Magi and Escape
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Matthew tells of Jesus’ birth with regular references to figures from Israel’s history, such as Moses and Joseph. The magi “from the east” who see a star rising recalls the oracle about the coming of David in Numbers chapter 24.
The infancy narrative also makes numerous links to the passion narrative at the end of Matthew’s Gospel. The title, “King of the Jews,” for instance, which was bestowed upon Herod by the Romans when they appointed him monarch in 39 b.c.e. appears in Matthew’s gospel only in reference to Jesus’ birth and to his crucifixion. The Gentile magi, who were Mesopotamian religious leaders, learn of the birth of the “King of the Jews” by observing a rising star, an unusual natural phenomenon. At Jesus’ death, the Gentile Roman executioners see another unusual natural event, an earthquake, and conclude that the crucified “King of the Jews” is God’s Son. In Jerusalem, the magi encounter a ruler (Herod), and the chief priests and cribes; at the end of the Gospel Jesus in Jerusalem will encounter a ruler (Pontius Pilate), the chief priests, and scribes.
The magi eventually find Jesus in “the house”. This shows that Matthew understands Joseph and Mary originally to have been residents of Bethlehem, not Nazareth. Joseph, descendant of David, resides in a house there. The magi offer gifts of tribute: gold, frankincense, and myrrh, all of which have funereal overtones. They are items that can be used at the burial of a king. In this episode, then, Matthew conveys that the significance of the child who has been born will become clear at the time of his death. That death will be important for the Gentile nations as well as for Israel.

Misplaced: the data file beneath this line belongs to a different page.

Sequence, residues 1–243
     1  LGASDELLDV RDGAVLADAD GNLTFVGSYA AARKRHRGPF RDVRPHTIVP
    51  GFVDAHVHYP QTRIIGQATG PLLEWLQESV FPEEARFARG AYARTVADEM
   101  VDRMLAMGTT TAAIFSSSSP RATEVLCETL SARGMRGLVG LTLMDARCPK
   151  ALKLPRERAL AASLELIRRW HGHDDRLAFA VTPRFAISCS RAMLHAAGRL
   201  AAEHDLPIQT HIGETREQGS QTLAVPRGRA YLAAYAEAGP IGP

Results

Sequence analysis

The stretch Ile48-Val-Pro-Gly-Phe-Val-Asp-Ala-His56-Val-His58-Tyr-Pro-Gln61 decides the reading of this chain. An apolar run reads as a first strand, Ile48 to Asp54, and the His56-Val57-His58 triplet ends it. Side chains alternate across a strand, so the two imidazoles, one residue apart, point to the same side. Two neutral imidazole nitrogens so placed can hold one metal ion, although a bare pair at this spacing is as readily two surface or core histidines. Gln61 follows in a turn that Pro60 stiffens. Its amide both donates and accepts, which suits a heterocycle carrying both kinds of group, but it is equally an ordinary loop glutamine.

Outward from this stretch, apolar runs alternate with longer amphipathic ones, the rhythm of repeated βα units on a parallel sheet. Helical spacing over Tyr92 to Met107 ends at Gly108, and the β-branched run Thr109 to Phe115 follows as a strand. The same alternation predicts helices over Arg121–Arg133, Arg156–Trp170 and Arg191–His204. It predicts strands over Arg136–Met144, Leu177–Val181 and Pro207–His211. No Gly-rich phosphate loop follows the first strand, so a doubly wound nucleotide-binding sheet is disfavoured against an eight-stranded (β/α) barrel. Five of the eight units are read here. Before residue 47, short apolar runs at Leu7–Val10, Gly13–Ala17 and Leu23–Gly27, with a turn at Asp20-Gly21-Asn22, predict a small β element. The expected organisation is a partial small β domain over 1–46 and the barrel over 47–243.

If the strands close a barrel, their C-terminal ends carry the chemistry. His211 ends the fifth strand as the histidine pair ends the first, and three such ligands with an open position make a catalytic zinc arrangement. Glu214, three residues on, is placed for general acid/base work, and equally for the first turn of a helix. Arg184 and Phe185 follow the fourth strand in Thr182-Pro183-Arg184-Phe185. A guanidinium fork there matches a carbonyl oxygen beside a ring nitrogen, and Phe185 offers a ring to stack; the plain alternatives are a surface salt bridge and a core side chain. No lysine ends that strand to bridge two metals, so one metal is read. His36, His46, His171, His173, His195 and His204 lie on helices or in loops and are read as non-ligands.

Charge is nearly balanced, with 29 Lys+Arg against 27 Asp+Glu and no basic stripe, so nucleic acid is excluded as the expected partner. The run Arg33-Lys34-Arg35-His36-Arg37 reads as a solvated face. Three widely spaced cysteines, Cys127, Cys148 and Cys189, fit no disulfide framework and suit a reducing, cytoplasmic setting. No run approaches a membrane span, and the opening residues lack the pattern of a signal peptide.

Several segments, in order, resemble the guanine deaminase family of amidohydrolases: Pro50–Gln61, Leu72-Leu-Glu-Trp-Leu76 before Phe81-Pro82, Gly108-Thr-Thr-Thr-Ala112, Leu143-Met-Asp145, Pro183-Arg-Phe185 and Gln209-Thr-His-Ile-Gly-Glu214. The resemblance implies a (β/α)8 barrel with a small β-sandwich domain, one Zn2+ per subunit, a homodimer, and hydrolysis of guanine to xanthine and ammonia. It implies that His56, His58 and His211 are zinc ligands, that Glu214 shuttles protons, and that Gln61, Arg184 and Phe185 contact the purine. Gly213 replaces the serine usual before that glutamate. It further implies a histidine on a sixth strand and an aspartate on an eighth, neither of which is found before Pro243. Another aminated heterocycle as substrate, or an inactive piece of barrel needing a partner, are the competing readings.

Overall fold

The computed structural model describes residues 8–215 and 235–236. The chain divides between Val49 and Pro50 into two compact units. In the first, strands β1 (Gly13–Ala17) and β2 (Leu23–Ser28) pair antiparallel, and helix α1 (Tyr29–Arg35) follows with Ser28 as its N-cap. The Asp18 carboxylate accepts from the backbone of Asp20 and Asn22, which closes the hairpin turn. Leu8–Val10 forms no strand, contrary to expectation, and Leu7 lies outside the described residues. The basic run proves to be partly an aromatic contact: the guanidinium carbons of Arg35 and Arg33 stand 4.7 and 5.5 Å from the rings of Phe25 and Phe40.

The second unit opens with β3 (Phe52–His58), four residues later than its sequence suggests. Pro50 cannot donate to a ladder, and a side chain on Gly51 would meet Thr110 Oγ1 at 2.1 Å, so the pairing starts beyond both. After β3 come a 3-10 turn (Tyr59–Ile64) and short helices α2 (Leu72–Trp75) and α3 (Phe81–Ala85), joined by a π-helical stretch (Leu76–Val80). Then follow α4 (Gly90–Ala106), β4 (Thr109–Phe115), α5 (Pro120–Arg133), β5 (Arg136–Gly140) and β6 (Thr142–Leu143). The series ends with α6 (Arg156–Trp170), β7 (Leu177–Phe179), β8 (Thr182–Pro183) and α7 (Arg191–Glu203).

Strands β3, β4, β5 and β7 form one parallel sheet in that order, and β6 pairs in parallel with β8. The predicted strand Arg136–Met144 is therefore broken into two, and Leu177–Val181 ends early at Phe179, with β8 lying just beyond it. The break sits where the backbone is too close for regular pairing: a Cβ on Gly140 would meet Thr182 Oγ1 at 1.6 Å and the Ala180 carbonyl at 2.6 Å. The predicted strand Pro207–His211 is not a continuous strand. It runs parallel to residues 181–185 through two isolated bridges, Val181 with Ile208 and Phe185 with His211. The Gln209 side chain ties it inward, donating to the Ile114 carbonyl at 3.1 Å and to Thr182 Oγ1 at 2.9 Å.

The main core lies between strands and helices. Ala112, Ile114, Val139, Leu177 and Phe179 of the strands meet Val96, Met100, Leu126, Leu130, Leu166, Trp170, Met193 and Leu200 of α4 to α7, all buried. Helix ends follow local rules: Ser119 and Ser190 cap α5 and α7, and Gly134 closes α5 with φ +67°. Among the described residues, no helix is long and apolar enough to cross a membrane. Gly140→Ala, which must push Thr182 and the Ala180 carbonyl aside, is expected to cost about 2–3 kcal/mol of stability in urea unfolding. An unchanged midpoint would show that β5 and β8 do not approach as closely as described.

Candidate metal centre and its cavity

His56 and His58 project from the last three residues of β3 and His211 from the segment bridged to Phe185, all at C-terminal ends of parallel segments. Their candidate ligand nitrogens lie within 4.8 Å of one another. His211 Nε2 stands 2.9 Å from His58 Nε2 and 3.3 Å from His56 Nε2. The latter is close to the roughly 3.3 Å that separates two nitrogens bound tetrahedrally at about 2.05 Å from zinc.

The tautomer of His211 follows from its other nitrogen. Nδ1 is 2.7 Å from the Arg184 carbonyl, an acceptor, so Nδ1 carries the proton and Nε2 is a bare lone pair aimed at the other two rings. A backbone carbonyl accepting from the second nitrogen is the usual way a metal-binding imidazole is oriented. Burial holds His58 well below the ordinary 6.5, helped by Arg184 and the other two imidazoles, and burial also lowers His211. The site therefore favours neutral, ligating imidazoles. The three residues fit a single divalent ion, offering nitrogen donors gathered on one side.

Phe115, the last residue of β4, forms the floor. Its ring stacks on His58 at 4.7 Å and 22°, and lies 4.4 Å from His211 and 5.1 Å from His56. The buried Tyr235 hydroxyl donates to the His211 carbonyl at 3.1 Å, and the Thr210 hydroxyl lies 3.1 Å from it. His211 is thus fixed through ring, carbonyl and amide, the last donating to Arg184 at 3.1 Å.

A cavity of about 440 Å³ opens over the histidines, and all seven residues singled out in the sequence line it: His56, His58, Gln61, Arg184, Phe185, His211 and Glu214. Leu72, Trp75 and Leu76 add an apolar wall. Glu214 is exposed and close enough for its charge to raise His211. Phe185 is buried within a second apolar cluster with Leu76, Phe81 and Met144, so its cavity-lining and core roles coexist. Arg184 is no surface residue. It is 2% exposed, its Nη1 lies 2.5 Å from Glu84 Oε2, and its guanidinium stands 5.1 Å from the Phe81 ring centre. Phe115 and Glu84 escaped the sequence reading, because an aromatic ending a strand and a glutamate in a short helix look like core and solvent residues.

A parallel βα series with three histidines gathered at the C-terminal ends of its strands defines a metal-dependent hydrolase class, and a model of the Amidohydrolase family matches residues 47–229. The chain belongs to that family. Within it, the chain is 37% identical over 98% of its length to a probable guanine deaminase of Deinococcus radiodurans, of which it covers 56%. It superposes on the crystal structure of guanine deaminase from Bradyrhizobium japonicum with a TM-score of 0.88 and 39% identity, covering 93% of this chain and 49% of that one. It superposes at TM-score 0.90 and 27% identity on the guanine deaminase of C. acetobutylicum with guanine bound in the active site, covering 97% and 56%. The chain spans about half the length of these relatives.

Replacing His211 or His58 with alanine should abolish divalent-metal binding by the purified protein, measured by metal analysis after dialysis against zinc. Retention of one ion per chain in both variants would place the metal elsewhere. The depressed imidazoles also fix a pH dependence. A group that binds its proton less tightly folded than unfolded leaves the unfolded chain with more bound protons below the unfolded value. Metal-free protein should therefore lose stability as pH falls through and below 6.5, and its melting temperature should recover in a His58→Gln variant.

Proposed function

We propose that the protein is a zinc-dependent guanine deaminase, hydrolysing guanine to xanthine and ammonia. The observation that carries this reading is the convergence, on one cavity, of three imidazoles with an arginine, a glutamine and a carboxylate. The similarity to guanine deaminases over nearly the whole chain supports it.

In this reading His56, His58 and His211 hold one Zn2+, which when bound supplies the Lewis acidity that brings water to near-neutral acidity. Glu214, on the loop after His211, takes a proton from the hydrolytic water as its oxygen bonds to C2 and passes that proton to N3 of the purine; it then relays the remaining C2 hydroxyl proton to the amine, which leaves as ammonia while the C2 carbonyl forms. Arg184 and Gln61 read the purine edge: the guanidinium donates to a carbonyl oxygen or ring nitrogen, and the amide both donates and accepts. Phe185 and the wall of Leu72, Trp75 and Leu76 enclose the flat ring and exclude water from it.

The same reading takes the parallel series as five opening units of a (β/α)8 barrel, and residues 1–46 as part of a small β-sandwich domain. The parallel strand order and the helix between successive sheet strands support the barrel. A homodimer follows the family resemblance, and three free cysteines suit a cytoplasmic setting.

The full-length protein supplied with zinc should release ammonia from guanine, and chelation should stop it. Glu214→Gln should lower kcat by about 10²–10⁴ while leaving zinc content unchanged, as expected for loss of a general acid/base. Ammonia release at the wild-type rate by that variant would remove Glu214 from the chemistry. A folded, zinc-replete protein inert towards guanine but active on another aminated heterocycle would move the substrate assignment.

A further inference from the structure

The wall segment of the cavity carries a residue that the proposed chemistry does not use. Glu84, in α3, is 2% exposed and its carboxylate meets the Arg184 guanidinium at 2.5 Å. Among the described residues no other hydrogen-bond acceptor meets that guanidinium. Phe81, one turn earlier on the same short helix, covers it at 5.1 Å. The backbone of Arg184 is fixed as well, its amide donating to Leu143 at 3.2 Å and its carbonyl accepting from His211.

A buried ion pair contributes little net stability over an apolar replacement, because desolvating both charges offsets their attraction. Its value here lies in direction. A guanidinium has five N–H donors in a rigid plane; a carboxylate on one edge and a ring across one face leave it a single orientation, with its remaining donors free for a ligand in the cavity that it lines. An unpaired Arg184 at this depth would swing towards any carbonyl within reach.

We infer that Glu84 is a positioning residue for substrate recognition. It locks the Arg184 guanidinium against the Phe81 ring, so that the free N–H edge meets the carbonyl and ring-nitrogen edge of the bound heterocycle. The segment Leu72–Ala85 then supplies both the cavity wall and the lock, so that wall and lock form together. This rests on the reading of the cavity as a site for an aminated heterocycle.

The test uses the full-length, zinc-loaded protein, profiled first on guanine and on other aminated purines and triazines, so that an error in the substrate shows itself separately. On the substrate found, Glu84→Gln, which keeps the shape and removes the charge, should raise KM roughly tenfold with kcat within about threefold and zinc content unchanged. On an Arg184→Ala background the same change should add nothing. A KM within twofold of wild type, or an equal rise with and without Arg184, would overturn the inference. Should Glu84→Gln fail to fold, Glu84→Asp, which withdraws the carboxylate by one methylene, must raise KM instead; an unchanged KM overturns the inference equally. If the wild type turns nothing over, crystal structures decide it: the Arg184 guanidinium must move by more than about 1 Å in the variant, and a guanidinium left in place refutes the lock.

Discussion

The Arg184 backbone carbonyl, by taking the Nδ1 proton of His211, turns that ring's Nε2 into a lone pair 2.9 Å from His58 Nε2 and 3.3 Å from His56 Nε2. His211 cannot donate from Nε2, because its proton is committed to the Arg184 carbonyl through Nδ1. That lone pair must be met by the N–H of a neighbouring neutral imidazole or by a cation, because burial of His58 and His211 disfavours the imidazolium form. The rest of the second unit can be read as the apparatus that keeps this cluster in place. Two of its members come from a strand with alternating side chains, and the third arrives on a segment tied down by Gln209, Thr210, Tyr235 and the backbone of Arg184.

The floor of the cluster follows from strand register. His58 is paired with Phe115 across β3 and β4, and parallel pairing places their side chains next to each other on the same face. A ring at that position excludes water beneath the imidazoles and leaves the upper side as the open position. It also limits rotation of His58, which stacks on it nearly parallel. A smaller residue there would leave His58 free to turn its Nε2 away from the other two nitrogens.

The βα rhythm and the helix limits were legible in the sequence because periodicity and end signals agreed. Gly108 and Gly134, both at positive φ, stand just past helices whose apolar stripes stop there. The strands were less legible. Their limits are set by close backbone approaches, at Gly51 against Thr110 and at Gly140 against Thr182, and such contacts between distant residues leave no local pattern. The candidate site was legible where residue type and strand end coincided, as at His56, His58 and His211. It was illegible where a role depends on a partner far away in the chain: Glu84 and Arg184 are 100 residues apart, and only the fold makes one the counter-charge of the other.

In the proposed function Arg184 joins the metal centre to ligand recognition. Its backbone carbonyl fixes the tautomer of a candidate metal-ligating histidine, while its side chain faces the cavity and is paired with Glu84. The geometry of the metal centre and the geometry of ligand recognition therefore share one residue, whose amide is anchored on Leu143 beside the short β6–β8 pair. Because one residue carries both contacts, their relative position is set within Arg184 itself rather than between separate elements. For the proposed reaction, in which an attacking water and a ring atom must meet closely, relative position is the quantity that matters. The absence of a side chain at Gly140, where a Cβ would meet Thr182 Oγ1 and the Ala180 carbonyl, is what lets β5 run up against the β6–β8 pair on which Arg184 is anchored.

The flight from Herod’s wrath down to Egypt recalls the story from the Book of Genesis of Joseph’s narrow escape from the murderous designs of most of his brothers. Jesus’ return from up “out of Egypt” recalls Moses leading Israel back again. Like his namesake in the book of Genesis, Joseph continues to benefit from divine guidance given in his dreams. Herod’s command to slay all male children under two years of age parallels the commands of Pharaoh to kill all newborn Hebrew males in Exodus chapter 1.
All this adds to the impression that Matthew’s story of Jesus is meant to embody and recapitulate Israel’s history. Joseph decides not to return home to Bethlehem, fearing Herod’s son Archelaus, but instead settles in Galilee.